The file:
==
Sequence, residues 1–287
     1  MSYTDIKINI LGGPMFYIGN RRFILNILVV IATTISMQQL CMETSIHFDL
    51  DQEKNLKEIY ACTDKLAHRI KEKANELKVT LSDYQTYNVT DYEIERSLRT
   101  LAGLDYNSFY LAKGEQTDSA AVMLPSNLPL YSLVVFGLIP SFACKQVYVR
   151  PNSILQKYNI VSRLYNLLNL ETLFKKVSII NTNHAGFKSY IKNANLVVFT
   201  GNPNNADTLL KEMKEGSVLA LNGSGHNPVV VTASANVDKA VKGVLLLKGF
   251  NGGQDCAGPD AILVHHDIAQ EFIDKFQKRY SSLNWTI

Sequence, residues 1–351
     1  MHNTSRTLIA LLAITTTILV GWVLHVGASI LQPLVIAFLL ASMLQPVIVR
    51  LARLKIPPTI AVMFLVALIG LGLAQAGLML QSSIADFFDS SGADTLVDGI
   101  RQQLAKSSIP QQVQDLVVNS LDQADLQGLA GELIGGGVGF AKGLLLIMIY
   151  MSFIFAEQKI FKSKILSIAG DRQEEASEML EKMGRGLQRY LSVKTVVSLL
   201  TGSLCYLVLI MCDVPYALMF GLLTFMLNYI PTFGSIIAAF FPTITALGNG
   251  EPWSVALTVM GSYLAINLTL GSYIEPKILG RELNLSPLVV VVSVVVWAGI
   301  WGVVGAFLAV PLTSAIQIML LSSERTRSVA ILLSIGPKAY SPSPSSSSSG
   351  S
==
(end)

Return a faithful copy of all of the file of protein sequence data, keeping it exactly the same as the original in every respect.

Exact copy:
Sequence, residues 1–287
     1  MSYTDIKINI LGGPMFYIGN RRFILNILVV IATTISMQQL CMETSIHFDL
    51  DQEKNLKEIY ACTDKLAHRI KEKANELKVT LSDYQTYNVT DYEIERSLRT
   101  LAGLDYNSFY LAKGEQTDSA AVMLPSNLPL YSLVVFGLIP SFACKQVYVR
   151  PNSILQKYNI VSRLYNLLNL ETLFKKVSII NTNHAGFKSY IKNANLVVFT
   201  GNPNNADTLL KEMKEGSVLA LNGSGHNPVV VTASANVDKA VKGVLLLKGF
   251  NGGQDCAGPD AILVHHDIAQ EFIDKFQKRY SSLNWTI

Sequence, residues 1–351
     1  MHNTSRTLIA LLAITTTILV GWVLHVGASI LQPLVIAFLL ASMLQPVIVR
    51  LARLKIPPTI AVMFLVALIG LGLAQAGLML QSSIADFFDS SGADTLVDGI
   101  RQQLAKSSIP QQVQDLVVNS LDQADLQGLA GELIGGGVGF AKGLLLIMIY
   151  MSFIFAEQKI FKSKILSIAG DRQEEASEML EKMGRGLQRY LSVKTVVSLL
   201  TGSLCYLVLI MCDVPYALMF GLLTFMLNYI PTFGSIIAAF FPTITALGNG
   251  EPWSVALTVM GSYLAINLTL GSYIEPKILG RELNLSPLVV VVSVVVWAGI
   301  WGVVGAFLAV PLTSAIQIML LSSERTRSVA ILLSIGPKAY SPSPSSSSSG
   351  S